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Full text of "Indigenous advanced fighter aircraft in Israel : considerations for decision-making"

fc-l IS I . 



■ 

NAVAL I 
MONTERU, C 



NPS-56-81-020 



NAVAL POSTGRADUATE SCHOOL 

Monterey, California 




INDIGENOUS ADVANCED FIGHTER AIRCRAFT IN ISRAEL: 
CONSIDERATIONS FOR DEC! S TON-MAKING 

by 

Ran Goren 

December 1981 



Approved for public release; distribution unlimited 

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Naval Postgraduate School 

Monterey, California 93940 



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NAVAL POSTGRADUATE SCHOOL 
Monterey, California 
93940 



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Superintendent Acting Provost 



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4 TITLE Cand SuAt/rf.) 

Indigenous Advanced Fighter Aircraft 
In Israel: Considerations for Decision- 
Making 



5 TYPE OF REPORT ft »tmoO COVEREO 



Final Report 



ft. PERFORMING ORG. REPORT NUMBER 



7. AUTHOR'*) 

Ran Goren 



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• PERFORMING ORGANIZATION NAME AND AOOREIS 

Naval Postgraduate School 
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10. PROGRAM ELEMENT . RROjEC "ask 
AREA ft RORK UNIT NUMBERS 



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Naval Postgraduate School 
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12. REPORT DATE 

December 1981 



IS. NUMBER OF PAGES 



145 



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Unclassified 



ISA. 01CL ASSlFlCATlON/ OOWNGRAOlNG 
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K. DISTRIBUTION STATEMENT at thlt Raaorl] 

Approved for public release; distribution unlimited. 



IT DISTRIBUTION STATEMENT or ln» .ftarracf mtfrmd In Bloat 20. II dltloront from Kmporl) 



IS. SUPPLEMENTARY NOTES 



IS KEY WORDS . Cwiinu* on rovormo aid* II nmemoomrr «n4 Identify ay block nuana.ri 



Lavi, Israel's arms transfers, Indigenous arms industry, 
fighter aircraft, Third World arms industry, political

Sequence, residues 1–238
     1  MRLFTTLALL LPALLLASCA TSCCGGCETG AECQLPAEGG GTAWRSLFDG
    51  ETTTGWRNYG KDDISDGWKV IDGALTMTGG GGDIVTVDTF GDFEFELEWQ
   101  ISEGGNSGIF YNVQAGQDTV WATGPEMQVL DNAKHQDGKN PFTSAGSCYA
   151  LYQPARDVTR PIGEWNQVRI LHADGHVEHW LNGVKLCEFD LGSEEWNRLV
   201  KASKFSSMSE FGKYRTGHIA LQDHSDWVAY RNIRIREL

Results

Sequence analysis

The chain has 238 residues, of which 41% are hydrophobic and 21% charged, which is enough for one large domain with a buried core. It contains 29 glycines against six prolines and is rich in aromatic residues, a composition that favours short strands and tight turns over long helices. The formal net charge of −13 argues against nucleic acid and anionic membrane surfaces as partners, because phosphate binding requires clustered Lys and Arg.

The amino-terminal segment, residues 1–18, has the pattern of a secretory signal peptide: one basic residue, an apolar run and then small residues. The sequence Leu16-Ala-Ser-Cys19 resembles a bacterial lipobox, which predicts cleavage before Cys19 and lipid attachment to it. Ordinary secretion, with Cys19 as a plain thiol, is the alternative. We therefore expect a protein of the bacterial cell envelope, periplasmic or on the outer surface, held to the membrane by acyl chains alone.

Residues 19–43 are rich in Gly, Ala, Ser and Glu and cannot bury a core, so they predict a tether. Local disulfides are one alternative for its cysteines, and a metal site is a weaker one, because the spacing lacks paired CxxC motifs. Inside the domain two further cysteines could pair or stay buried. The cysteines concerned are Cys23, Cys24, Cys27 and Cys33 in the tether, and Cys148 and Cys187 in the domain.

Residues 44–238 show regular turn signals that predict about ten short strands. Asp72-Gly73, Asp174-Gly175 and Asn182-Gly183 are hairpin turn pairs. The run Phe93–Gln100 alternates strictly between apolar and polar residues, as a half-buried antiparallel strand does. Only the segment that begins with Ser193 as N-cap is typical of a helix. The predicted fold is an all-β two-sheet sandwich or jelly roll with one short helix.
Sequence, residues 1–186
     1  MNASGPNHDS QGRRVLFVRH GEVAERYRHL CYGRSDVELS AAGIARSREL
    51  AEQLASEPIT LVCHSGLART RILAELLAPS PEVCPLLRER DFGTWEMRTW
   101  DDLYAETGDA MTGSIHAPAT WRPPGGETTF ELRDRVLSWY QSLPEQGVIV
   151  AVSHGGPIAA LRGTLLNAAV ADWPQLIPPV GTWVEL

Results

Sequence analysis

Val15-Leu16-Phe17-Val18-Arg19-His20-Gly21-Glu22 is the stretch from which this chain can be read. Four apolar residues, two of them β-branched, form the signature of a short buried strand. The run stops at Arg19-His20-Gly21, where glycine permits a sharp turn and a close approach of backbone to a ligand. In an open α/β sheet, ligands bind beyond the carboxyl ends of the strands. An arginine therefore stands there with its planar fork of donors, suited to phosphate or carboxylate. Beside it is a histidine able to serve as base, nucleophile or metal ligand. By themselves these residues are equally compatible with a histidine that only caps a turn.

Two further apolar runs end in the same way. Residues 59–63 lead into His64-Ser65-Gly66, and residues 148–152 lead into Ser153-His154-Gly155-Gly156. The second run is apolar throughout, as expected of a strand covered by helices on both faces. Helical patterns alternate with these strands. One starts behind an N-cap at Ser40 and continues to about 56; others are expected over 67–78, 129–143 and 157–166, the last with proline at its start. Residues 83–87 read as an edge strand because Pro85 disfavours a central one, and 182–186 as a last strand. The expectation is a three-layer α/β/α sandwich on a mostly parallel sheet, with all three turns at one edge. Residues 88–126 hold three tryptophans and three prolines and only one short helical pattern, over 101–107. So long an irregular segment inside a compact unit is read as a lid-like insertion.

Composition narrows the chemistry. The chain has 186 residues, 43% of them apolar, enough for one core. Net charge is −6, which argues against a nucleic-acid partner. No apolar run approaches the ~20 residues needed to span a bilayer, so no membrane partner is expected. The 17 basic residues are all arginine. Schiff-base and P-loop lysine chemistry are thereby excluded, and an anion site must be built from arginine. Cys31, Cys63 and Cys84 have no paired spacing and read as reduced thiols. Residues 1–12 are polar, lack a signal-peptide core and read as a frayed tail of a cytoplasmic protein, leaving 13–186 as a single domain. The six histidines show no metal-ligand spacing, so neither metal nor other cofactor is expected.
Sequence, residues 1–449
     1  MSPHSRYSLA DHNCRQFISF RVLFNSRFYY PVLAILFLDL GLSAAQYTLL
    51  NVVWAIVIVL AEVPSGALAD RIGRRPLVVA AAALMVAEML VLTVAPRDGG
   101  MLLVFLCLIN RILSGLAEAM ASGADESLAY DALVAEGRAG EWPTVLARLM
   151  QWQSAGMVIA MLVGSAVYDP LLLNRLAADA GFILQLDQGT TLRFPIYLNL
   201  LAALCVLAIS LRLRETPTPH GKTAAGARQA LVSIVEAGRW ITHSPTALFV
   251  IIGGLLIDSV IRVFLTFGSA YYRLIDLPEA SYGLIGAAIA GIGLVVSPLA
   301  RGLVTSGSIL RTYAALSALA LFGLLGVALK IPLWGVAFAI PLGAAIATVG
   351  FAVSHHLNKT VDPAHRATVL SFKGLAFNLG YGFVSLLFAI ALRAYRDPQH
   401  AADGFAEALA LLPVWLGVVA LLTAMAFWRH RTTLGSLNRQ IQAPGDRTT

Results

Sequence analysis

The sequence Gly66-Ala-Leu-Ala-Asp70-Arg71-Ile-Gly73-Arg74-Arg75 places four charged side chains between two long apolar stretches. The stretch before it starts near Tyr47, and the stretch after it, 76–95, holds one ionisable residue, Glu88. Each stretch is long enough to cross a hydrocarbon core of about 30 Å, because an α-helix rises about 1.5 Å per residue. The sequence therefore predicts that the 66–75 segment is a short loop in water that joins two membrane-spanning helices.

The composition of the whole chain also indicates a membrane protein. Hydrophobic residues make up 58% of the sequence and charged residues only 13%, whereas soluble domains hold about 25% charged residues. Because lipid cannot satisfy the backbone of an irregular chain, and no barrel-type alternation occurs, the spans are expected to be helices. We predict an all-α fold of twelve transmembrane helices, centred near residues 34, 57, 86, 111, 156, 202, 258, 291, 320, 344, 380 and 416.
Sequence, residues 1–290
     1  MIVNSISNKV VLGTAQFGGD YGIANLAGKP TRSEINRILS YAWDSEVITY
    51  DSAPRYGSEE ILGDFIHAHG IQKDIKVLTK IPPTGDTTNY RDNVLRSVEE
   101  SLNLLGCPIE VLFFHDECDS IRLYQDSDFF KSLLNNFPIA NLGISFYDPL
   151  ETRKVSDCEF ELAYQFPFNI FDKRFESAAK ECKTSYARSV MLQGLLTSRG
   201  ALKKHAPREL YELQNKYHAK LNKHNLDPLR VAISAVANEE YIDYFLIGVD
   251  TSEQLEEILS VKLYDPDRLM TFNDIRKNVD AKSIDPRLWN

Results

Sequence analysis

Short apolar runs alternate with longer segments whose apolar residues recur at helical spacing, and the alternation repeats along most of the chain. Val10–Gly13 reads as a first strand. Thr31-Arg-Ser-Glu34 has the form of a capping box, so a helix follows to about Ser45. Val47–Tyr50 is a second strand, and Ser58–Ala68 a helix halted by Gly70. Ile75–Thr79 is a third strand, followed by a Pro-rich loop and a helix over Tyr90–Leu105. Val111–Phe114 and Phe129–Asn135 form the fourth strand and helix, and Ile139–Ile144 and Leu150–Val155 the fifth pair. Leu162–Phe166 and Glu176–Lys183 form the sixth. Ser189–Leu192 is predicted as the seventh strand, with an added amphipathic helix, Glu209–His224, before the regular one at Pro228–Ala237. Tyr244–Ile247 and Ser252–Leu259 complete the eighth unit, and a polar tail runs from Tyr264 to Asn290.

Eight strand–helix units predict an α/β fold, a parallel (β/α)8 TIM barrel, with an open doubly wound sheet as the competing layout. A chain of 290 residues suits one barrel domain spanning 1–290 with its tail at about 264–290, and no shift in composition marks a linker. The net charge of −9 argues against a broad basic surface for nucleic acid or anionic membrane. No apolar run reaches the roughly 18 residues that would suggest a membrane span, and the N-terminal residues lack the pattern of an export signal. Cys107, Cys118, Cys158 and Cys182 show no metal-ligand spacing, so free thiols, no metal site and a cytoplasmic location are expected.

influence, political independence, balance of payments, 
inflation, spin-off 



20 ABSTRACT (Contlnum an r*var«a tidm // nmcmmmmrf «< Idmmlltr »r »/»c* r w— mot) 

On February 19 80 Israel decided to develop and produce an 
indigenous advanced fighter aircraft (AFA) . This decision is 
under a continuing review through the acquisition life cycle. 
This report examines the decision against a bread background 
which includes insights into the Third World and European 
aircraft self-production patterns; the technological capability 
of the Israeli arms industry; Israel as arms supplier; Israel 



DO , IS"* 1473 

(Page 1) 



EDITION OP ' NOV AS IS OBSOLETE 
S/N 102-0 14- **0 I 



UNCLASSIFIED 



SECURITY CLASSIFICATION OF THIS PAOE rWhmn Dolm Mntfd) 



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f*cuwtv CL^ggtglCATtgM Q* Twit »*0»/-w«.„ n»i« j.,.^^ 



(20. ABSTRACT Continued) 

as a recipient of arms and security assistance. The report 
comprehensively analyzes the political and the economic 
aspects of the indigenous AFA decision. It concludes that 
political considerations should impact the decision only 
after considering the economic ones. The latter generally 
favor indigenous AFA. The major obstacle is the 
inflationary impact of the indigenous production, and that 
should be the determining ingredient in any further decision 



DD , ForrQ^ 1473 



s/fl J oTo2-ou-66oi fflaaasauEific 



INDIGENOUS ADVANCED FIGHTER AIRCRAFT IN ISRAEL, 
CONSIDERATIONS FOR DECISION-MAKING 



by 



Col. Ran Goren, Israeli AF 



Naval Postgraduate School 
Monterey, California 93940 



ABSTRACT 

On February 19 80 Israel decided to develop and produce 
an indigenous advanced fighter aircraft (AFA) . This decision 
is under a continuing review through the acquisition life 
cycle. This report examines the decision against a broad 
background which includes insights into the Third World and 
European aircraft self -production patterns; the technological 
capability of the Israeli arms industry; Israel as arms 
supplier; Israel as a recipient of arms and security assist- 
ance. The report comprehensively analyzes the political and 
the economic aspects of the indigenous AFA decision. It 
concludes that political considerations should impact the 
decision only after considering the economic ones. The 
latter generally favor indigenous AFA. The major obstacle 
is the inflationary impact of the indigenous production, and 
that should be the determining ingredient in any further 
decision. 



TABLE OF CONTENTS 

I. INTRODUCTION 1 

II. THE LAVI AIRCRAFT 3 

III. AFA PRODUCTION — A UNIQUE CASE 10 

IV. AFA PRODUCTION TRENDS IN THE THIRD 

WORLD AND EUROPE 18 

V. INDIGENOUS AFA AS PART OF THE IAF STRUCTURE 28 

VI. ISRAEL'S ARMS INDUSTRY AND ARMS TRANSFERS 39 

VII. ISRAEL AS AN ARMS RECIPIENT 57 

VIII. POLITICAL CONSIDERATIONS 62 

IX. ECONOMIC CONSIDERATIONS 36 

X. CONCLUSION 103 



APPENDIX A 
APPENDIX B 
APPENDIX C 



ARMS IMPORTS AND EXPORTS 107 

U.S. SECURITY ASSISTANCE TO ISRAEL 117 

DATA ABOUT DEFENSE EXPENDITURES AND